Trying new things requires a willingness to take risks. However, risk taking is not binary. You probably feel comfortable taking some types of risks and find other types quite uncomfortable. In fact, you might not even see the risks that are comfortable for you to take, discounting their riskiness, but are likely to amplify the risk of things that make you more anxious. For example, you might love flying down a ski slope at lightning speed or jumping out of airplanes, and don’t view these activities as risky. If so, you’re blind to the fact that you’re taking on significant physical risk. Others, like me, who are not physical risk takers, would rather sip hot chocolate in the ski lodge or buckle themselves tightly into their airplane seats than strap on a pair of ski boots or a parachute. Alternatively, you might feel perfectly comfortable with social risks, such as giving a speech to a large crowd. This doesn’t seem risky at all to me. But others, who might be perfectly happy jumping out of a plane, would never think to give a toast at a party.
On reflection, there appear to be five primary types of risks: physical, social, emotional, financial, and intellectual. For example, I know that I’m comfortable taking social risks but not physical risks. In short, I will readily start a conversation with a stranger, but please don’t ask me to bungee jump off a bridge. I will also happily take intellectual risks that stretch my analytical abilities, but I’m not a big financial risk taker. On a trip to Las Vegas I would bring only a small amount of cash, to make sure I didn’t lose too much.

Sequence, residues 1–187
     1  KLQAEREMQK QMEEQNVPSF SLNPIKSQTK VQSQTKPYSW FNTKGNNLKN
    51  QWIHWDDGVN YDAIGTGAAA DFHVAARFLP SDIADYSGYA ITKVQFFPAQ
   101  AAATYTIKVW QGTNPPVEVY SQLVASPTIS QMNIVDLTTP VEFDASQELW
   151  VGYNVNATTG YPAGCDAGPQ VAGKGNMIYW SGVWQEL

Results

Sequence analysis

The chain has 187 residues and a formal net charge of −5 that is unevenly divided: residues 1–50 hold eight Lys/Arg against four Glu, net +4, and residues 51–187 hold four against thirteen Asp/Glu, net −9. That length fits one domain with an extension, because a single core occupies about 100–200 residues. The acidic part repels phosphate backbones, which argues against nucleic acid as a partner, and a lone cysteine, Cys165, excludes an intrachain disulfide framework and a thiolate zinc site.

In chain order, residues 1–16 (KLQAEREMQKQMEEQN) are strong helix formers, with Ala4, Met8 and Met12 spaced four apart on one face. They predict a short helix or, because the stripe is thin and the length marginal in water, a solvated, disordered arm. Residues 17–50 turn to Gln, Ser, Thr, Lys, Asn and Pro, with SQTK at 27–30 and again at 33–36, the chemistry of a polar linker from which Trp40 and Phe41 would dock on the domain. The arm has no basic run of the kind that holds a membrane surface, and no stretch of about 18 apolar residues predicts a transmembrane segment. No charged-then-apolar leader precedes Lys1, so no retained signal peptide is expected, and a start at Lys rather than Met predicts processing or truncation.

I often ask people to map their own risk profile. With only a little bit of reflection, each person knows which types of risks he or she is willing to take. They realize pretty quickly that risk taking isn’t uniform. It’s interesting to note that most entrepreneurs don’t see themselves as big risk takers. After analyzing the landscape, building a great team, and putting together a detailed plan, they feel as though they have squeezed as much risk out of the venture as they can. In fact, they spend most of their efforts working to reduce the risks for their business.
Below is a fabulous video clip of Peter Diamandis, founder of the X Prize, talking about the importance of taking big risks to reach remarkable goals.
This article is an edited excerpt from What I Wish I Knew When I Was 20, by Tina Seelig, published by HarperCollins in April 2009.